For those who don’t know what SWATing is, it’s when someone, as a form of harassment, calls the police and tells them there’s an emergency–often someone with a gun–which then usually results in a heavily armed response against an unsuspecting person, who is just being at home. Not only is annoying, but it’s potentially deadly
Which brings us to this Washington Post article about a Santa Monica black businesswoman whose white, pants-shitting neighbor decided that she was breaking into her own apartment and called the police. In response, sixteen police officers showed up and pointed guns in her face. You should read the whole thing, but the aftermath raises an important question. Here’s what happened after the immediate danger passed (to the citizen, not the police officers; boldface mine):
After the officers and dog exited my “cleared” apartment, I was allowed back inside to speak with some of them. They asked me why I hadn’t come outside shouting, “I live here.” I told them it didn’t make sense to walk out of my own apartment proclaiming my residence when I didn’t even know what was going on. I also reminded them that they had guns pointed at me. Shouting at anyone with a gun doesn’t seem like a wise decision.
I had so many questions. Why hadn’t they announced themselves? Why had they pointed guns at me? Why had they refused to answer when I asked repeatedly what was going on? Was it protocol to send more than a dozen cops to a suspected burglary? Why hadn’t anyone asked for my ID or accepted it, especially after I’d offered it? If I hadn’t heard the dog, would I have opened the door to a gun in my face? “Maybe,” they answered.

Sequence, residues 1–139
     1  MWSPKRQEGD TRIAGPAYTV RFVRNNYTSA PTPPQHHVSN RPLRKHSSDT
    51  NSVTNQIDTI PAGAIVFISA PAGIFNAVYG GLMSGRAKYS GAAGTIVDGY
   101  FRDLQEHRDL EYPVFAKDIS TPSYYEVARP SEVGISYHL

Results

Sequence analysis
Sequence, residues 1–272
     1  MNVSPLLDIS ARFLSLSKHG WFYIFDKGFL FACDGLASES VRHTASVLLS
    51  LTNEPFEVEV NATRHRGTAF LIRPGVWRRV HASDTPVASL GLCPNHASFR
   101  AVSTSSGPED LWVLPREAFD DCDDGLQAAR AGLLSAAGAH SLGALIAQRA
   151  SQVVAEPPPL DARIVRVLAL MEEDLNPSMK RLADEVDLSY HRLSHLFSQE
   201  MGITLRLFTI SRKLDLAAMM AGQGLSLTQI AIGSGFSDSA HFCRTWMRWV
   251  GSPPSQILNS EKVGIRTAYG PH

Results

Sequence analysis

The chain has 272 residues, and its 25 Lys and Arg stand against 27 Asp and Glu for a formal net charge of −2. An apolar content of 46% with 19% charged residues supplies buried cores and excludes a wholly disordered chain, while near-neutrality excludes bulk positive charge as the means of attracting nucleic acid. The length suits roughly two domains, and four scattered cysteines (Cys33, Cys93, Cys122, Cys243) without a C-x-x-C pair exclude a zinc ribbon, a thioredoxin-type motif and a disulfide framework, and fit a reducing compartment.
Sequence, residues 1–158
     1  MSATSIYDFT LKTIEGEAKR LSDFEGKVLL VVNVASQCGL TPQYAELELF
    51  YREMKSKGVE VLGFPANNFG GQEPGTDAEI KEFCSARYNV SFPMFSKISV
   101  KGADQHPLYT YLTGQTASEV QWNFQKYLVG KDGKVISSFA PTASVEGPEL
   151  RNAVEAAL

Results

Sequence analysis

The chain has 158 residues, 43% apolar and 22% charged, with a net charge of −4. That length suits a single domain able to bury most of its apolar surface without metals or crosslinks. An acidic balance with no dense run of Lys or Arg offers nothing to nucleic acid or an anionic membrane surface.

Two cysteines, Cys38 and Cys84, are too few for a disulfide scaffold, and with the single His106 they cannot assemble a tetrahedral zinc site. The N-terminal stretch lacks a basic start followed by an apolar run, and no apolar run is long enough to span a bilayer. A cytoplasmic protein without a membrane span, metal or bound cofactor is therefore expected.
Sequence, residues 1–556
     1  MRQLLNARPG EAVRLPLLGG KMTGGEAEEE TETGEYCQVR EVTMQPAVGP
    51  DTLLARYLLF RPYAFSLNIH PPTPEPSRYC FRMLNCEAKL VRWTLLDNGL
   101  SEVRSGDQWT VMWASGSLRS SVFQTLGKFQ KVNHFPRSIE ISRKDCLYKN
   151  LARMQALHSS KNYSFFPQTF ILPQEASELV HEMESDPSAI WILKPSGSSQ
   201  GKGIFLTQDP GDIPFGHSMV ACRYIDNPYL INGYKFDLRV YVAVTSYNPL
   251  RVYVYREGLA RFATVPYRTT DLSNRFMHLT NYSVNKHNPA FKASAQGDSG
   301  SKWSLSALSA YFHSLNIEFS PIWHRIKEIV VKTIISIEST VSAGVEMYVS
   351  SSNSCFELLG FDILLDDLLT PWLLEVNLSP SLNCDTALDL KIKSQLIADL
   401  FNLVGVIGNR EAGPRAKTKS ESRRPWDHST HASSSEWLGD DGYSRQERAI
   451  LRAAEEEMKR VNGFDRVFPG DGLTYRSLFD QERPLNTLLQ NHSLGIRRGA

I demanded all of their names and was given few. Some officers simply ignored me when I asked, boldly turning and walking away. Afterward, I saw them talking to neighbors, but they ignored me when I approached them again. A sergeant assured me that he’d personally provide me with all names and badge numbers.
I introduced myself to the reporting neighbor and asked if he was aware of the gravity of his actions — the ocean of armed officers, my life in danger. He stuttered about never having seen me, before snippily asking if I knew my next-door neighbor. After confirming that I did and questioning him further, he angrily responded, “I’m an attorney, so you can go f— yourself,” and walked away.
I spoke with two of the officers a little while longer, trying to wrap my mind around the magnitude and nature of their response. They wondered: Wouldn’t I want the same response if I’d been the one who called the cops? “Absolutely not,” I told them. I recounted my terror and told them how I imagined it all ending, particularly in light of the recent interactions between police and people of color. One officer admitted that it was complicated but added that people sometimes kill cops for no reason. I was momentarily speechless at this strange justification.
What is the likelihood that if something had gone wrong–either she or the police panicked–and she had been killed, that nothing would have happened, that this would have been swept under the rug (or that the right wing puke funnel would be going full throttle)? This successful woman, who is doing everything bigoted white people say those people should be doing, would have been another little figure on some infographic.
But it’s not about race, because nothing is ever about race.